Sean Ouellette noticed in late 2016 that construction workers were getting hard to find. Two years later, he calls it a "pretty significant crisis."
"Weíre seeing a real shortage of available tradesmen," said Ouellette, vice president of operations for KAST Construction in Tampa, the firm behind many local projects including One St. Pete and the Hyatt Place hotel. "Itís grown into a serious issue that affects costs."
He and KAST are hardly alone.
Eight out of every 10 firms are having trouble finding enough skilled labor, according to a nationwide survey from the Associated General Contractors of America released Wednesday. Just as many expect hiring in the next 12 months to be as hard or even harder than the previous year.
The shortages span the trades, with pipelayers, sheet metal workers, carpenters, concrete workers, pipefitters and welders in particularly high demand.
Companies big and small are feeling the pinch.
"Labor shortages in the construction industry remain significant and widespread," said Ken Simonson, chief economist for the Associated General Contractors of America, which surveyed more than 2,500 companies. "The best way to encourage continued economic growth, make it easier to rebuild aging infrastructure and place more young adults into high-paying careers is to address construction workforce shortages."
The market is just as tight in Florida, and will likely get tighter.
Eighty-two percent of the stateís firms expect to hire additional hourly workers in the next year, compared to 76 percent nationally. They also plan to hire significantly more office personnel than the national average, as well as more salaried workers.
The labor shortage has increased competition, with more than half of the Florida companies saying they are losing workers to other firms. They are also having a harder time finding adequately trained workers, the survey found.
The shortage comes even as construction employment remains below pre-Great Recession highs. Locally, construction jobs peaked in June 2006 at 95,300 before plunging to 50,100 in early 2011. Today theyíve rebounded to about 76,800, still 20 percent off the highs.
So why arenít there enough workers? After the recession, many people in the construction trades switched to more stable industries, ones less susceptible to booms and busts.
Those that remained are aging, and the physical demands can make it hard to hang on for a few more years near the end of a career. A lot of workers retired in recent years, without enough replacements, especially from the millennial generation.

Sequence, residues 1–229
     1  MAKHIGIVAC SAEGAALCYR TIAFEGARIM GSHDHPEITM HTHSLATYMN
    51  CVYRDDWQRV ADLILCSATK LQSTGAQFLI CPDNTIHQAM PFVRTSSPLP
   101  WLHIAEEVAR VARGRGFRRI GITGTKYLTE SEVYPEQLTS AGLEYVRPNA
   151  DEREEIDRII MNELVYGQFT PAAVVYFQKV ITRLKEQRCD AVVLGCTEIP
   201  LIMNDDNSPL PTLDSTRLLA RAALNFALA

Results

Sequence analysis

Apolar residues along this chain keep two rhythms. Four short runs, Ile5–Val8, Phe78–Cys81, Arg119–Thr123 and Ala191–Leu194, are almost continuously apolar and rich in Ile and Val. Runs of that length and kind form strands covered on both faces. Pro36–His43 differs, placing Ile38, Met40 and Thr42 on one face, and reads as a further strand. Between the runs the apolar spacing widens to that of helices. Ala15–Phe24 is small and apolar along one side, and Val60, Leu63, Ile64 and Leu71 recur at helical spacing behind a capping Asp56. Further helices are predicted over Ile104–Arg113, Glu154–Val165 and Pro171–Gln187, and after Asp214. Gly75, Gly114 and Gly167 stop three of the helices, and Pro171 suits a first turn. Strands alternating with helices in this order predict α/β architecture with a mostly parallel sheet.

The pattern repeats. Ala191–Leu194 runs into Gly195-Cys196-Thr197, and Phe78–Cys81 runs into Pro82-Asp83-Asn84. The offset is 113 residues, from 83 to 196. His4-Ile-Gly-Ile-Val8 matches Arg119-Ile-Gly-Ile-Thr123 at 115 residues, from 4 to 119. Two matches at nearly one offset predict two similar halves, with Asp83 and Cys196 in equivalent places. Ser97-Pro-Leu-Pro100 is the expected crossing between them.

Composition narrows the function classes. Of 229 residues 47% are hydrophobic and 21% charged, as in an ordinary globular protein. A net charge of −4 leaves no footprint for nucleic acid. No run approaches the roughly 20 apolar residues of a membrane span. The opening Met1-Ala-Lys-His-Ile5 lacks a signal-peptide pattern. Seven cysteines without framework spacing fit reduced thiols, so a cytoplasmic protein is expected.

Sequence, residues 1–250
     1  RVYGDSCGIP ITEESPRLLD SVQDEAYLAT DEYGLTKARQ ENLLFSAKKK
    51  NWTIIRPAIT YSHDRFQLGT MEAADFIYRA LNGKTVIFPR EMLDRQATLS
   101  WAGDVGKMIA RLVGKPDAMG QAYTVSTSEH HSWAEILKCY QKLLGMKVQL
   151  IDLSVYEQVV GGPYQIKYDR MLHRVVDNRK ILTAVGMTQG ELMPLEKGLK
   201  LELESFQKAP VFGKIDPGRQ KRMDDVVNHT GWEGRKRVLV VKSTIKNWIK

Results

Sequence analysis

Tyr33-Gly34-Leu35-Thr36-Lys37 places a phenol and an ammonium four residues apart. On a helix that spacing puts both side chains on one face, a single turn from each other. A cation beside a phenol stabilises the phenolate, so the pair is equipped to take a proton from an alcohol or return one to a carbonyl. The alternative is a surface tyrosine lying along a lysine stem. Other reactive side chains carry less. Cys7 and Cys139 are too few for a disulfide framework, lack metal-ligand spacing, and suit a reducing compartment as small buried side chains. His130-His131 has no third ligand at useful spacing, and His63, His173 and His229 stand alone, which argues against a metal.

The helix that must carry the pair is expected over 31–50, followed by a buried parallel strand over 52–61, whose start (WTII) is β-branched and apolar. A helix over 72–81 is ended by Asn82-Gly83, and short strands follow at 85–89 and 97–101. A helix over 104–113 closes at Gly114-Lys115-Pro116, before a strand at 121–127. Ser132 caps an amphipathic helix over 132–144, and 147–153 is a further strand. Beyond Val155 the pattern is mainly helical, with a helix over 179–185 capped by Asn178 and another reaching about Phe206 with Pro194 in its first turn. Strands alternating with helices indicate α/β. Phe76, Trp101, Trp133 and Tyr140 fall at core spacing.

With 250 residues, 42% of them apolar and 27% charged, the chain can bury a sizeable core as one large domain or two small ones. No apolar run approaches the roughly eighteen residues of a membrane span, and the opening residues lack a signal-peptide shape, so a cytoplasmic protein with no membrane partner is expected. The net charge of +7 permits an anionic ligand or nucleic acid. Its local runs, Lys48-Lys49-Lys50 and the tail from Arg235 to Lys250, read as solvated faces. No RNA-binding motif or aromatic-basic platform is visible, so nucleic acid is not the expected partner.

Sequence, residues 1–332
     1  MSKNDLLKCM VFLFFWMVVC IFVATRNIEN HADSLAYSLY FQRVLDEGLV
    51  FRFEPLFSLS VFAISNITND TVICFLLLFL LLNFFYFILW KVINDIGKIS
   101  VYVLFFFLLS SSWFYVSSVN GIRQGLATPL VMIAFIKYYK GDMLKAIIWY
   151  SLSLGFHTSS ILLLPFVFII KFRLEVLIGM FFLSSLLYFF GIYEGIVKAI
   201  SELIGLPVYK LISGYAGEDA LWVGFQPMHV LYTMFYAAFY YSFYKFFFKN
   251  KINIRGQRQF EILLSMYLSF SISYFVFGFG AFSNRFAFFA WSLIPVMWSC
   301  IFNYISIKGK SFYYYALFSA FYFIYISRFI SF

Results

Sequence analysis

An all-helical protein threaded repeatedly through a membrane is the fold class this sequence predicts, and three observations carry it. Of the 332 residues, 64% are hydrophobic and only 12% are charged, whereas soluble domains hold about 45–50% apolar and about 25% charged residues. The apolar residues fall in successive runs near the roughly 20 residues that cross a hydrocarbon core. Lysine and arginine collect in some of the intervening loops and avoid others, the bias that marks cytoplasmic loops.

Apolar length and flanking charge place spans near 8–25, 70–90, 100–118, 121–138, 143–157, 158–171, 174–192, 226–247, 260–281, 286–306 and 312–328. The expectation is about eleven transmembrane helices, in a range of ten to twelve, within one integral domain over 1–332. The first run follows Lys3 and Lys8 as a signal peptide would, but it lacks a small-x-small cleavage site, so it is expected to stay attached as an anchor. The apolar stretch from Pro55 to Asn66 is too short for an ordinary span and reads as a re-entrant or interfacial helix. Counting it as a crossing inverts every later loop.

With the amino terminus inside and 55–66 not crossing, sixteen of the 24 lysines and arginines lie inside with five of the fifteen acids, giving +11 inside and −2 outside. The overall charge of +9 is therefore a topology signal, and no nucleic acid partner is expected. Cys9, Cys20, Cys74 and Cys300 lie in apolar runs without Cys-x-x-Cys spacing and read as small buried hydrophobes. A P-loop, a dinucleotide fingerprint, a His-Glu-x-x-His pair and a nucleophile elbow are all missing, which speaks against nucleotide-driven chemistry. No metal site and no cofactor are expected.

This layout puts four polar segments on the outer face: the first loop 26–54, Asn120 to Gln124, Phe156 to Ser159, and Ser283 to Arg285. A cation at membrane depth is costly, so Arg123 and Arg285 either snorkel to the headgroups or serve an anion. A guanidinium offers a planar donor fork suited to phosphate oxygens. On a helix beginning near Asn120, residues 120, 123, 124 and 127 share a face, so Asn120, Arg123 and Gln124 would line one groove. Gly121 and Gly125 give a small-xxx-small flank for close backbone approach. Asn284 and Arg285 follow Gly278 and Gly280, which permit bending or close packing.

The recent crackdown on undocumented workers, and more controls on legal immigration, also appears to have limited the pool of available workers. And construction struggles to shed a reputation for being dirty and dangerous, which only makes it tougher to attract workers when unemployment is so low, both in Florida and the nation.
"Every industry is out there competing for workers to a greater extent," Simonson said.
The labor shortage has prompted three-quarters of Florida firms to increase pay. They have also provided more bonuses and expanded benefits.
More than half have started or increased in-house training. Same goes for engaging in career-building programs with colleges and technical schools. They are also hiring more interns, paying more overtime, and a few have changed their hiring standards to entice workers to sign up.
Nearly 60 percent said they had increased the price of their bids to make up for higher labor costs. Projects are also taking longer than anticipated, which has prompted more than a quarter of the companies to include longer completion times in their bids.
Ouellette estimated that KASTís labor costs have jumped 20 percent in the past year and a half. The shortage also puts a premium on good planning.
"We look a lot more carefully at how the availability of tradesmen could affect a project at various points along the way," he said. "That didnít use to be a big issue."
Higher wages are just part of the pricing equation. Many new construction workers, whether they moved from another industry or just graduated high school, canít get as much done as their experienced counterparts.
"They donít have the same productivity as that 15- to 20-year (worker)," said Steve Malaney, who runs Oregon-based P&C Construction. "We are finding that our subcontractors are having to decrease production."
To help fill the labor gap, more companies in Florida and the nation are using drones, robots and 3-D printers. Others rely more on virtual construction tools like sophisticated modeling that allows them to reduce onsight work time.
"With a rise in the share of firms having trouble finding skilled craft workers, itís evident that we need to reskill the future workforce," said Sarah Hodges, a senior director with software company Autodesk, a partner on the survey. "Technology can help bridge this gap."
Contact Graham Brink at email@example.com. Follow @GrahamBrink.